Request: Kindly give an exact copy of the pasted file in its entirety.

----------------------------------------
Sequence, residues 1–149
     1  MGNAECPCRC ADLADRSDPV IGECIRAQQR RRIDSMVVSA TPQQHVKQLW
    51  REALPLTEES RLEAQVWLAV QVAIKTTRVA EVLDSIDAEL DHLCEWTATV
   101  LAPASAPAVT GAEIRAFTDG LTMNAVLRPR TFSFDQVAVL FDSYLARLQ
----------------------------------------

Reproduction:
Sequence, residues 1–149
     1  MGNAECPCRC ADLADRSDPV IGECIRAQQR RRIDSMVVSA TPQQHVKQLW
    51  REALPLTEES RLEAQVWLAV QVAIKTTRVA EVLDSIDAEL DHLCEWTATV
   101  LAPASAPAVT GAEIRAFTDG LTMNAVLRPR TFSFDQVAVL FDSYLARLQ